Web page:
Breaking Up The Banks

Chisel Split Ice

The possibility of breaking up banks into investment and commercial or retail operations appears to be gaining renewed interest in some quarters – with Mark Carney’s appointment as Governor designate of the Bank of England adding to the enthusiasm for this idea.

Before addressing this, please let us not fall into the Vince Cable trap of referring to investment banking business as 'casino' banking. It is trite and simplistic – typical of Cable himself perhaps. It may suit his political agenda, but it leads to sloppy thinking about the business those banks engage in, and thus will lead to bad regulation. That said, different banks clearly run different levels of risk. We must ensure tax payers never have to bail out a bank again, and the only way to ensure this is to create conditions in which they can be allowed to fail. To do that while also protecting depositors requires some way of differentiating between their business models and pricing that into the decisions of people placing their money with them.

The idea of splitting higher risk activities from the rest has superficial appeal. However, anything which leaves government deciding the business model of commercial entities is an inherently bad idea – and let us remember, Northern Rock was not an investment bank, and nor was HBOS. Lending long and borrowing short is every bit as dangerous if not properly managed as trading in credit default swaps – possibly more so as so many banks do it.

Regulation should be kept to a minimum and market forces should prevail where possible. Splitting the banks – or even ring fencing them - runs counter to this. As an alternative, why not look again at deposit insurance, but utilising market forces, not running against them ?

It is clear banks currently enjoy an implicit guarantee from the tax payer. So why not make that guarantee explicit and charge for it? To give depositors a choice, don't make it compulsory that they all be covered, only that they are all offered it and must actively opt out if they do not want it. The percentage covered could also be left to the choice of the depositor. To take account of the different strategies and competitive positions of the banks, tailor the premium for each entity individually, based on a range of measurable indicators (along the lines for capital requirements - market, credit, liquidity and operational risk profile) and market indicators (such as CDS levels and agency credit ratings). This would lead to higher premia for banks with higher risk business models – such as a high exposure to investment banking activities.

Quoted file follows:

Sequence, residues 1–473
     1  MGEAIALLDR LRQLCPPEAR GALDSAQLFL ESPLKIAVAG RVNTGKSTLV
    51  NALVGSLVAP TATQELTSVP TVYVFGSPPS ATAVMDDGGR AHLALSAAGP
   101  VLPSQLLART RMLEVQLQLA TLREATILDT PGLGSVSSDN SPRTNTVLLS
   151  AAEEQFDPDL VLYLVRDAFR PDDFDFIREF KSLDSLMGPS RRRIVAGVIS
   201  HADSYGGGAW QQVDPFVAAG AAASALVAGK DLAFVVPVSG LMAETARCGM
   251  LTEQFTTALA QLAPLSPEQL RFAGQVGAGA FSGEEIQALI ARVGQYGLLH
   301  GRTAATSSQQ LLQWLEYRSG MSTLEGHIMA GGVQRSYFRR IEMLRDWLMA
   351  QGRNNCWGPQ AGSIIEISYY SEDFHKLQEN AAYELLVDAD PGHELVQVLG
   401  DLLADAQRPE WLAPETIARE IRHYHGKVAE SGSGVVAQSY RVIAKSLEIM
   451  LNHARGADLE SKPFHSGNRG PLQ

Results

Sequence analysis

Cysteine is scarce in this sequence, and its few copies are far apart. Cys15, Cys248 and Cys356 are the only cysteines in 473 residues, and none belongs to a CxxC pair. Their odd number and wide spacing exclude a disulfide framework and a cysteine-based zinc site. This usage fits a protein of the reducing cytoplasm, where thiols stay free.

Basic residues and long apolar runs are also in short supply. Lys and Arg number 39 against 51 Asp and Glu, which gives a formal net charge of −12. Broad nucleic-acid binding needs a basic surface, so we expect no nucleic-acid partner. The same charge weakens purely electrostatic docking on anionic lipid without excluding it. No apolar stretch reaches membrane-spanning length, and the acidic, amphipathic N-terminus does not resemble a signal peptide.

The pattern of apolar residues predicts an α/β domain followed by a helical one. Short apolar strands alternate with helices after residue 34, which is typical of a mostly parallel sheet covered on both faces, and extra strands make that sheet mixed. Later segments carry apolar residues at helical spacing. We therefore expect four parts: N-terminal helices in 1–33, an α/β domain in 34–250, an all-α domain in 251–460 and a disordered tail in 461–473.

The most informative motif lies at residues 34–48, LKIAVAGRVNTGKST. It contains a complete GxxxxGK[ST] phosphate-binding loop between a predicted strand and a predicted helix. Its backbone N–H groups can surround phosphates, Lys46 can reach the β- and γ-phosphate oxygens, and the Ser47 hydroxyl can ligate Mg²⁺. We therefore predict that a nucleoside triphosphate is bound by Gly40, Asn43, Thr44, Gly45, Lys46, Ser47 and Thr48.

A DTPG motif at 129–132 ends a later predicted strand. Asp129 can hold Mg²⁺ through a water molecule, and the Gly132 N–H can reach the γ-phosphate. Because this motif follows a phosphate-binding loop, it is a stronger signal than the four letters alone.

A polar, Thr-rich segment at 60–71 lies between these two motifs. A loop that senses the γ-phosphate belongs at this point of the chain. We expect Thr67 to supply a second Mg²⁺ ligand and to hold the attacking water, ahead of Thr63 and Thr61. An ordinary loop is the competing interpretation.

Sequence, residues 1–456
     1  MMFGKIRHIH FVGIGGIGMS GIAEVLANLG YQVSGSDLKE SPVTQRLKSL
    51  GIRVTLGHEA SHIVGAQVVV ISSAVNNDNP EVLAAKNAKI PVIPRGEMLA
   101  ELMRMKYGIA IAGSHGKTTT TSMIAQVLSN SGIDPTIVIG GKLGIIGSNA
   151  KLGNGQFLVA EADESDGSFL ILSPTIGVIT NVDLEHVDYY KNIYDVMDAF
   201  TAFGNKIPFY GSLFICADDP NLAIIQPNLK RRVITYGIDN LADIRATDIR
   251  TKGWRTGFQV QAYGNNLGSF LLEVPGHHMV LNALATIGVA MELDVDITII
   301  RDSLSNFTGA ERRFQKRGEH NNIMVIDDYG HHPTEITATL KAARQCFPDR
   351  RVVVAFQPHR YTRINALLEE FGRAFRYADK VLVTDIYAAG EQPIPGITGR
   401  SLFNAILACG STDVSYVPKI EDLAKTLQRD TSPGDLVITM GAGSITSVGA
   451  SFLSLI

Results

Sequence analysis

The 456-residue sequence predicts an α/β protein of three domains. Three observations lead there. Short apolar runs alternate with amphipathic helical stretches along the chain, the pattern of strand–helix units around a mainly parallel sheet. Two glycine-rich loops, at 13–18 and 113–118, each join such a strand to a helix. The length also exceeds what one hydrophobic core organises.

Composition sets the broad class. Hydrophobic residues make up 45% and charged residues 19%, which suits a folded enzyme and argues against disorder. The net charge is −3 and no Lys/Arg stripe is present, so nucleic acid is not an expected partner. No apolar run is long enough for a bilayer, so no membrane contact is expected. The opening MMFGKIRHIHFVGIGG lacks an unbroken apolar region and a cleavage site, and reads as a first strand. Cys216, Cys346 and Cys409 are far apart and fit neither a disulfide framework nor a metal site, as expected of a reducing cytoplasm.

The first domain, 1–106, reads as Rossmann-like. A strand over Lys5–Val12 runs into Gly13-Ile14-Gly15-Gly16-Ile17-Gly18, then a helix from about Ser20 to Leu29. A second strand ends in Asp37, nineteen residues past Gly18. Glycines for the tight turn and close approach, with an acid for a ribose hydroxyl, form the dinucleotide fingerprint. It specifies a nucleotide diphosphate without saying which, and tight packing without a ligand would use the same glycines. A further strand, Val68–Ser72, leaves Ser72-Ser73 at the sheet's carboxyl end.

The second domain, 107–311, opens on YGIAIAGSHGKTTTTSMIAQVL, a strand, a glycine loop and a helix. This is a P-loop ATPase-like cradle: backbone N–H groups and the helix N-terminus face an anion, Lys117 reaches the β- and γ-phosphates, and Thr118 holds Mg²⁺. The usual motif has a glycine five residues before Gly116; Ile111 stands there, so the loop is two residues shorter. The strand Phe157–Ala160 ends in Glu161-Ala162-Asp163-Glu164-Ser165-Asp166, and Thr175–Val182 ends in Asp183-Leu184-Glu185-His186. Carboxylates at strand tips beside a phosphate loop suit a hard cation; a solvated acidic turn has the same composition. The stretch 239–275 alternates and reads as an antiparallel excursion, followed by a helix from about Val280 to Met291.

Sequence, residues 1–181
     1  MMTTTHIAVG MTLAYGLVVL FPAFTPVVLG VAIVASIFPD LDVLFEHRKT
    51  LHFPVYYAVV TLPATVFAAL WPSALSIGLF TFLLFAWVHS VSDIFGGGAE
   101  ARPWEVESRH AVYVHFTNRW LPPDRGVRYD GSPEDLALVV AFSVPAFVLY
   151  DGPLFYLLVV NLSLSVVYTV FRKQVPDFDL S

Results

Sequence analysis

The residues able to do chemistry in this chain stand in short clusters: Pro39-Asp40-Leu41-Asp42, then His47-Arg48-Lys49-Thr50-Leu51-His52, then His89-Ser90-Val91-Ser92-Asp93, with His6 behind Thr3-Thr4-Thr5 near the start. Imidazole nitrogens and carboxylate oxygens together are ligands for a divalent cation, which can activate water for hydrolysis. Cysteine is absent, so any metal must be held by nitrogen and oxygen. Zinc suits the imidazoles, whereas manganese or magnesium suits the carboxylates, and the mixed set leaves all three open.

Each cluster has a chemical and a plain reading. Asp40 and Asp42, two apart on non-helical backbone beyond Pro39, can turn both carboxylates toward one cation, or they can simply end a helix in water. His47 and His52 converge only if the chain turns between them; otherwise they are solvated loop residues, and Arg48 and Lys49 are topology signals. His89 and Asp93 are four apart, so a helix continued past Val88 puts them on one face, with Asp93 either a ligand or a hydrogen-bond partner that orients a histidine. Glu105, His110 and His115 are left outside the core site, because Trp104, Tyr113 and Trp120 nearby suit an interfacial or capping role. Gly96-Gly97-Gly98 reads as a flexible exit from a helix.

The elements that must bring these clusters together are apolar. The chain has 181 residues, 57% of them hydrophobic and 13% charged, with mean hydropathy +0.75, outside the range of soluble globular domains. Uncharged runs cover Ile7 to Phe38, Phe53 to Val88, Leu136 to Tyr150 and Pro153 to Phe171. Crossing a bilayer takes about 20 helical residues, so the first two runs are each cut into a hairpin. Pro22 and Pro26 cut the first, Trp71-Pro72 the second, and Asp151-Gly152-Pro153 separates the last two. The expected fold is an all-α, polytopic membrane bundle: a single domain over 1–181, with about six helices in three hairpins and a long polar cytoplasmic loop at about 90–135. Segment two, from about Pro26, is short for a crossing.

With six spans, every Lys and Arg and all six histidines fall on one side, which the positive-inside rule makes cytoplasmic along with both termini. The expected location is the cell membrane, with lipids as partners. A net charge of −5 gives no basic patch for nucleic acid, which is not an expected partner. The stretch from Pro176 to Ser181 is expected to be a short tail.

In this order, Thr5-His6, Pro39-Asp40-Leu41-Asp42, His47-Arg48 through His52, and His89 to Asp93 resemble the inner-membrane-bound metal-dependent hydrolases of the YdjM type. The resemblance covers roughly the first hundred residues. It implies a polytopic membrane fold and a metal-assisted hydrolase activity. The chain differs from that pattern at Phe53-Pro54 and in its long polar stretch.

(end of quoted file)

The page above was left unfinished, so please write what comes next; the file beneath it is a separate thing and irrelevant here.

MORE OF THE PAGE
The depositor would decide what percentage of the deposit to insure and pay a similar percentage of the premium set for that bank. It would be charged as a deduction from whatever uninsured deposit rate the bank is offering, collected by the bank and paid to the Treasury. The scheme would be open to all depositors and all sizes of deposit - for in reality this is what we have now. However anyone not insuring their deposits would risk receiving little or nothing in a default. Bond holders would not be covered in any event.

In the case of current accounts or any other account where the interest rates were too low to cover the premium, depositors wanting insurance would have to pay for the cover. Equally, a bank could offer a current account option for which it charges and include the insurance cover in that charge – or offer an un-covered current account.

The notion that we are all entitled to free banking must have now run its course. However, to ensure the availability of low cost low risk banking services for 'the man in the street', the post office could offer a no fee, uninsured current account, but place all funds collected with the Treasury.

The insurance proceeds would accrue to the government and be earmarked to track how much is collected over the years, but unless and until it is needed, it would simply reduce government borrowing.

There are no doubt many objections and practical obstacles to such a scheme, but none of the alternatives is perfect and it does tick a lot of boxes: It minimises distortion of market forces and could even promote competition while leaving choice with depositors at the same time as offering them protection and generating much needed government revenue – currently a deficit reducing income stream would no doubt be most welcome.

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